Sea Nettles and Oysters Need Each Other To Survive
How Sea Nettles and Oysters Are Related
Sea nettles are a type of jellyfish, and they are creatures that everyone loves to hate. They gum up nets, sting you when you least expect it, and make water sports difficult. Jellyfish are one of those classic examples or creatures that humans tend to dislike, but they are an important species for ecosystem balance. This is because, despite their occasional annoyance, without sea nettles there might not be any oysters to eat or harvest.
Sea nettles (Chrysaora quinquecirrha) are one of many different types of gelatinous zooplankton (gooey floating animals) found in the waters of the Chesapeake Bay (and along the East coast). They're in the company of lion's manes, moon jellies, mushroom cap jellyfish, cannonball jellyfish, and the Portuguese man-of-war.
The story of sea nettles and oysters is really a triangle between the nettles, oysters, and another types of animal that is very much like a jellyfish, called a comb jelly or ctenophore (teen-a-fore). Sea nettles and ctenophores are made out of the same clear gelatinous stuff, but the ctenophores lack stinging tentacles, and don't have the typical umbrella shape of a true jellyfish. They also have rows of cillia (silly-a) inside their body beating that look like combs. The cillia move rapidly and make a current that draws water into their body to help them feed. When disturbed comb jellies also light up or glow.
Sea nettles aren't nearly as endearing because they don't glow and their tentacles can sting. Sea nettles can also be fairly large, about softball size, while comb jellies tend to be smallish, no larger than a tennis ball. People love to hate the stinging sea nettles and adore the the non-stinging ctenophores, but this love-hate relationship is actually backwards.
So what's the deal? Why should we really be appreciating the stinging sea nettles? It's because they eat ctenophores. True jellyfish, like sea nettles, are apex predators. This means that they are at the top of their food web. Without them the food web becomes unbalanced. You see, the sea walnuts or ctenophores feed on smaller plankton, including the larvae of young oysters, fish, and crabs. The larger sea nettle eats slightly larger fish and of course the ctenophores. They keep the ctenophore populations in check this way, which then protects baby oysters and other animal plankton that is critical to the human fisheries industry. But here's the rub.....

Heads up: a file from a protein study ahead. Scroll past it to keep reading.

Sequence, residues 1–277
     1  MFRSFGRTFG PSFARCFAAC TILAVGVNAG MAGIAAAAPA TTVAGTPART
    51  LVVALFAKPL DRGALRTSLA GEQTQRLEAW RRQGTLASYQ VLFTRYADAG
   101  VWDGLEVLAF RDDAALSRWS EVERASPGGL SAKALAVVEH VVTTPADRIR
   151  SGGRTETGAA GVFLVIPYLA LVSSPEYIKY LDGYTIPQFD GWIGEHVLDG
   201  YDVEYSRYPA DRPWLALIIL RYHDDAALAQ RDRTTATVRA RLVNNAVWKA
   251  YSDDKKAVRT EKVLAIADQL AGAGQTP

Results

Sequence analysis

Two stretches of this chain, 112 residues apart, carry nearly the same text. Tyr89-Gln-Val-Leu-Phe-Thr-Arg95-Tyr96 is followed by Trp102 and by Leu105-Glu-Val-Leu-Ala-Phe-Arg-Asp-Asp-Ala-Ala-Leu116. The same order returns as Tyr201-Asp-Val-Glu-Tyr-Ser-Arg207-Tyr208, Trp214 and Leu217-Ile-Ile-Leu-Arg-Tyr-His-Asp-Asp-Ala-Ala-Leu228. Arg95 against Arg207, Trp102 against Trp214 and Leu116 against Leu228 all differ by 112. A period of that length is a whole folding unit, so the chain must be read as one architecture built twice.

Ctenophores have a very short and sweet life cycle, going from eggs that are fertilized in the water, to larvae (they look like little adults), to adults within about a year. Sea nettles go through a two part life cycle. They start out as fertilized eggs in the water that develop into something that looks like a hairy jellybean, called a "planular larvae." These little guys float around until they find a good hard surface to land on, preferably oyster shells.
One they find a nice little hard reef of oyster shells (alive or dead), they sink onto the shells, attach, and become little polyps that grow to look like a sea anemone on a stalk. Now here's the neat part, the little anemone looking things make stacks of upside down baby jellyfish (without tentacles) that pop off into the water. At this stage they're called juvenile medusa or ephyra (ef-eye-ra). The juveniles float around, feeding on plankton as their tentacles grow, and eventually the become fully formed adult sea nettles.
It takes sea nettles about two years to go through their life cycle, and they require a hard surface for their polyp stage. Unfortunately, because oyster reefs have been removed from the Chesapeake Bay, and other places, it's hard for the sea nettle polyps to find suitable surfaces to land on and grow. This has created a shortage of sea nettles, and an overabundance of ctenophores because there aren't as many of their top predators to eat them! See the circle now? Oyster populations, and their larvae, depend on sea nettles to keep the population of hungry ctenophores in check. Sea nettles also depend on oyster shells to grow and bud in their polyp stage.
The food web, and structure of coastal ecosystems is super complex. This is just one example of how animals that humans love to hate are extremely important for ecological balance. Want to read more? Check out this paper about oysters and jellyfish by Denise Breitberg and Richard Fulford. Remember, even though nettles sting they are the good guys and should be appreciated for what they do for our fisheries and oceans.